Applicability of a cognitive model and treatment to worry in children and adolescents
- Jacqui Rogers
Publikation/Tidskrift/Serie: [Host publication title missing]
Förlag: British Association for Behavioural and Cognitive Psychotherapy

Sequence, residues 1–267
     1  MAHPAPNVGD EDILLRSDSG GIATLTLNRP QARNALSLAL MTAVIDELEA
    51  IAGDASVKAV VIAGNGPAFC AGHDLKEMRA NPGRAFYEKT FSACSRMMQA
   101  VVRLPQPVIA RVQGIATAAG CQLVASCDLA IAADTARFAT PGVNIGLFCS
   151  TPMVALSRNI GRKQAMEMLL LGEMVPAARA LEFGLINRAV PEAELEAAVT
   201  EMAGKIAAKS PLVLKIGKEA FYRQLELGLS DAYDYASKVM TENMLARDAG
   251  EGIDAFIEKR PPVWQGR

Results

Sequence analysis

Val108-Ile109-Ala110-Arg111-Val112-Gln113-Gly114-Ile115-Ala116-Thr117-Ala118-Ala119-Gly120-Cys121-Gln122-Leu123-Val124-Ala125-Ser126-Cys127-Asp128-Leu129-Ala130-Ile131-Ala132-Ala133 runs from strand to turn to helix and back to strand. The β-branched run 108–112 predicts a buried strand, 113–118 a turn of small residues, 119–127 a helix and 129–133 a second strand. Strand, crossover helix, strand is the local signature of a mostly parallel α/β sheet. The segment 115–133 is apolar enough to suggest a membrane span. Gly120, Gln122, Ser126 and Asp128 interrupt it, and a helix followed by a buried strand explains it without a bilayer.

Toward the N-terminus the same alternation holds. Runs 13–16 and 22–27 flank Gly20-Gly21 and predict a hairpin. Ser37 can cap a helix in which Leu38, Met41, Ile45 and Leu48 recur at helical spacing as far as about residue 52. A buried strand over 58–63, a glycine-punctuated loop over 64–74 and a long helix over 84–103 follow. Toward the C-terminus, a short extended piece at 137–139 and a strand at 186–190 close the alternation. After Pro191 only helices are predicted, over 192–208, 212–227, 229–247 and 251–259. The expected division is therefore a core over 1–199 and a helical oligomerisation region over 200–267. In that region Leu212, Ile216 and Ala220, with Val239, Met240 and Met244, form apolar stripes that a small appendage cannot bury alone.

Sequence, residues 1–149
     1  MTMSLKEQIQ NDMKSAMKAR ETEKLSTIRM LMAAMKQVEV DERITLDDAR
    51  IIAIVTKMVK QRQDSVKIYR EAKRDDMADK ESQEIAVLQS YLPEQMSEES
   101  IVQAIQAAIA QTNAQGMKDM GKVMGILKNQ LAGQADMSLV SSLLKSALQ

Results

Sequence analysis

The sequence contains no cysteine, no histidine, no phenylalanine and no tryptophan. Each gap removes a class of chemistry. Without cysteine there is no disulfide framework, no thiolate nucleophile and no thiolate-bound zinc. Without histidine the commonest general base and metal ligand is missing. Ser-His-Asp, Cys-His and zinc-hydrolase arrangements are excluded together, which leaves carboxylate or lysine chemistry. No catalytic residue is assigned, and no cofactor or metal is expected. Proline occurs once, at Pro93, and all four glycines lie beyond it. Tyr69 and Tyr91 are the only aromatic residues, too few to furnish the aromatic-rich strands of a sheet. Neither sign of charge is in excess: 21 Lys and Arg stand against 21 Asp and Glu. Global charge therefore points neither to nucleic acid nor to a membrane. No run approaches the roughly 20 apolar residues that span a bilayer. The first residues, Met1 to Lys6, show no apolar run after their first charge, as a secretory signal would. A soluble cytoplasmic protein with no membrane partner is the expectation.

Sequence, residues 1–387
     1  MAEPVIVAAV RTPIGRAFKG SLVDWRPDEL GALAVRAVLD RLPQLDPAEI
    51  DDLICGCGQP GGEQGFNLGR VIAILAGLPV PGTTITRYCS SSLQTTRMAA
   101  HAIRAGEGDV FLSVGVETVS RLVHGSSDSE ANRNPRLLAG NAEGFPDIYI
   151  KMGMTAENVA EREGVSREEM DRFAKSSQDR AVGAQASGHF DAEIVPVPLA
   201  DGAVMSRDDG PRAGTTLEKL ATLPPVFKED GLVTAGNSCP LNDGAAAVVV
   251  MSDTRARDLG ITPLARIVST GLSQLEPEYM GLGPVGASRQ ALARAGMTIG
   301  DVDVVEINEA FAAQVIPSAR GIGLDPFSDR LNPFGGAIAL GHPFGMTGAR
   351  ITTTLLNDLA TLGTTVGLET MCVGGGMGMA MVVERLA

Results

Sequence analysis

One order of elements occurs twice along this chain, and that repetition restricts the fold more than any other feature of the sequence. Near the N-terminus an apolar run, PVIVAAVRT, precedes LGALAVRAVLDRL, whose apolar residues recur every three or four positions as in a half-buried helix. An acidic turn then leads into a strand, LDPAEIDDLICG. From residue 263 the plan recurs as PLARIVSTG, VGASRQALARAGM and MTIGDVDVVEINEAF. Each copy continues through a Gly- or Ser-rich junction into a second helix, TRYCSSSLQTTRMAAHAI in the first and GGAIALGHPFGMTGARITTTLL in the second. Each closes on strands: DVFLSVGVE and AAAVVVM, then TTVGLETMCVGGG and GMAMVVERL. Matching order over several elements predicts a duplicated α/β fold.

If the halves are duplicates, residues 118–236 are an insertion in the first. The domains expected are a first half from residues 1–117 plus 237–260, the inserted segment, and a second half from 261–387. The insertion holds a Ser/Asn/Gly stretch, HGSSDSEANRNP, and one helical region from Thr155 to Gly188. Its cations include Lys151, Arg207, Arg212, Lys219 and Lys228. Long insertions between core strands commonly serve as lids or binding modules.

Studies have found that the cognitive model of worry developed by Dugas, Gagnon, Ladouceur and Freeston (1998) involving Intolerance of Uncertainly (IU), Cognitive Avoidance (CA), Positive Beliefs about Worry (PB), and Negative Problem Orientation (NPO) accounts for approximately 40-50% of the variance in worry frequency in adults. A recent trial of the treatment based on this model (Dugas, Brillon, Savard et al., 2010) found it to be superior to no treatment and marginally superior to applied relaxation in adults with Generalized Anxiety Disorder (GAD). In this presentation the authors discuss the results of two studies testing the applicability of this cognitive model to children and adolescents. In the first study measures of IU, CA, PB, worry and anxiety were administered to 515 British primary and secondary school students (aged 7-19 years). A path analysis was undertaken to test whether IU acted as a higher order variable for CA and PB and whether the relationship between IU/CA/PB and anxiety was mediated by worry frequency. Significant (bivariate) correlations were observed between the measures of IU, PB, CA, worry and anxiety across the age range. However separate path models had to be fitted for children (aged 7-12 years) and adolescents (aged 13-19) with PB being dropped from the child model. CA was related to anxiety only through worry in children while IU showed direct paths to worry and anxiety in both children and adolescents. In the second study we present results from a case series where a modified version of the treatment based on the Dugas et al (1998) led to an 80% reduction in GAD diagnoses in 16 youth (aged 7-17 years) clinically referred for anxiety. Further testing and refinement of this cognitive model and its treatment may lead to further improvements in our understanding of worry in youth and its treatment. Possible modifications and refinements are discussed.